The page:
v 28 “We gave you strict orders never again to teach in this man’s name!” he said. “Instead, you have filled all Jerusalem with your teaching about him, and you want to make us responsible for his death!”
I would love to have seen the expressions on the faces of the guards when they opened the cell door. Houdini had nothing on these men; they got out, leaving the guards still on duty and locked the door behind them again! No wonder they were all perplexed! And then the escapees had not run away, they had gone back to the scene of their supposed crime, the Temple, and began preaching all over again.
The apostles had earlier (Acts 4:18) been instructed not to preach in Jesus’ name. This included three distinct ideas.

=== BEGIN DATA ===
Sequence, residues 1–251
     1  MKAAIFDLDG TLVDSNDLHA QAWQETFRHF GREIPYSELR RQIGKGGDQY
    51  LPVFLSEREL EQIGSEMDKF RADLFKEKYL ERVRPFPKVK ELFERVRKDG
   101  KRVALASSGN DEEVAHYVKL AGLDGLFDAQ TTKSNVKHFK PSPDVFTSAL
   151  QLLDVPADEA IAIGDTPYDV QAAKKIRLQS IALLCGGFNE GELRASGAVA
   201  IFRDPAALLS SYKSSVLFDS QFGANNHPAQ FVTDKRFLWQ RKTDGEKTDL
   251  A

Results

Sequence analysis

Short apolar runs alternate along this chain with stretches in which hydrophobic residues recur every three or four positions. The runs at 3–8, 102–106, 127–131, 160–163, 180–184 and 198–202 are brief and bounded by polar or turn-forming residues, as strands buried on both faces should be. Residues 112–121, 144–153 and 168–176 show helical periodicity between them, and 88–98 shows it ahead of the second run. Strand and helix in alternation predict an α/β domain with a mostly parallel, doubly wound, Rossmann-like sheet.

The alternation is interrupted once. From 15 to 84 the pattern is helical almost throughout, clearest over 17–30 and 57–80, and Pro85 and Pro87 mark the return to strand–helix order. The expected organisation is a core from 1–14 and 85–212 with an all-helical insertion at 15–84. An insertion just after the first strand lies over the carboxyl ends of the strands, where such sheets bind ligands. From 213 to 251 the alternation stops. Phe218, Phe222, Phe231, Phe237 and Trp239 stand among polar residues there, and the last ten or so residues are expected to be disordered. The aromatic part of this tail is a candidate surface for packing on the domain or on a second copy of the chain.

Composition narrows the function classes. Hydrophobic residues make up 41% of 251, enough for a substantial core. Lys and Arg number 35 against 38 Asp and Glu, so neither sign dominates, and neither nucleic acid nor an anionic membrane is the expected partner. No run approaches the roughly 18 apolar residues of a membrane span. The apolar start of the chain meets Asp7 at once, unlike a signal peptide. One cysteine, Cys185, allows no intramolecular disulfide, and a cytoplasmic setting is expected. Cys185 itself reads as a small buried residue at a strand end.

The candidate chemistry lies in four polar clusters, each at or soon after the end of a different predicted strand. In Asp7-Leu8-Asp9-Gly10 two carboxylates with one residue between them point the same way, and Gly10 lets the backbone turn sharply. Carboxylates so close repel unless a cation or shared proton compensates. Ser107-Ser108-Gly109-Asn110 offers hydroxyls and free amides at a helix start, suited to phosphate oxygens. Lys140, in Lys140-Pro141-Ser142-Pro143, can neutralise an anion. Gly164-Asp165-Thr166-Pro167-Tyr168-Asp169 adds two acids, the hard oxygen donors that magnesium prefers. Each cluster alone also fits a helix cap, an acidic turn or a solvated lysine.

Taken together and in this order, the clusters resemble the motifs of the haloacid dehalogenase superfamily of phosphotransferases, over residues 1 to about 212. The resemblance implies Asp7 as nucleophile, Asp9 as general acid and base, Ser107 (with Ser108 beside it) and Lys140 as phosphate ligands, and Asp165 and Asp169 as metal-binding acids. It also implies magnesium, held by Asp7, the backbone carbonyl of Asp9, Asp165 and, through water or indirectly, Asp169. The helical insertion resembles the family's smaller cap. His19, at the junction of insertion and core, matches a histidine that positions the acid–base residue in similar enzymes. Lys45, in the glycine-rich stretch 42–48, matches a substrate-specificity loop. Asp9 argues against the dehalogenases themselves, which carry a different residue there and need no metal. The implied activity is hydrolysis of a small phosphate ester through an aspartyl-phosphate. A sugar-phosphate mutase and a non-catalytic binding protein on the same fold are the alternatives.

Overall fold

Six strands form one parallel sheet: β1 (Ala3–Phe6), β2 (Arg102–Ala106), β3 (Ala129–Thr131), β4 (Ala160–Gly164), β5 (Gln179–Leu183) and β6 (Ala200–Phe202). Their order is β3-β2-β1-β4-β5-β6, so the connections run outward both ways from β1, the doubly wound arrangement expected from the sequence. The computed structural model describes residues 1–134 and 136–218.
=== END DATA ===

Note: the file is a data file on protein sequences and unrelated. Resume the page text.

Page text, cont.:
First, they had been teaching, claiming the authority of Jesus to do so. Jesus himself had been questioned as to where he had gained his authority to teach. (He was not a graduate of the right Jewish school!) The Apostles now claimed Jesus’ authority to teach – so no wonder the Jews questioned them.
Second, the Apostles had in effect questioned the right of the authorities to ban them from preaching. They claimed allegiance to a higher authority than the Jewish Council; that would have really got to the Jews!
Third, the Jewish leaders seemed to feel the Apostles were blaming them for Jesus’ death! (v 26) To me, this speaks something about a guilty conscience.
By the time we read down to v 33, (which we do tomorrow) we discover just how angry the members of the Council were ‘ When they heard this, the high council was furious and decided to kill them’
The Apostles were brave men, treading on all kinds of toes as they responded faithfully to the command of God to spread the good news of Jesus. In an age where political correctness holds sway and we might feel somewhat afraid to insist on the uniqueness of Christian Faith in the face of competing religious thought, how bold dare we be?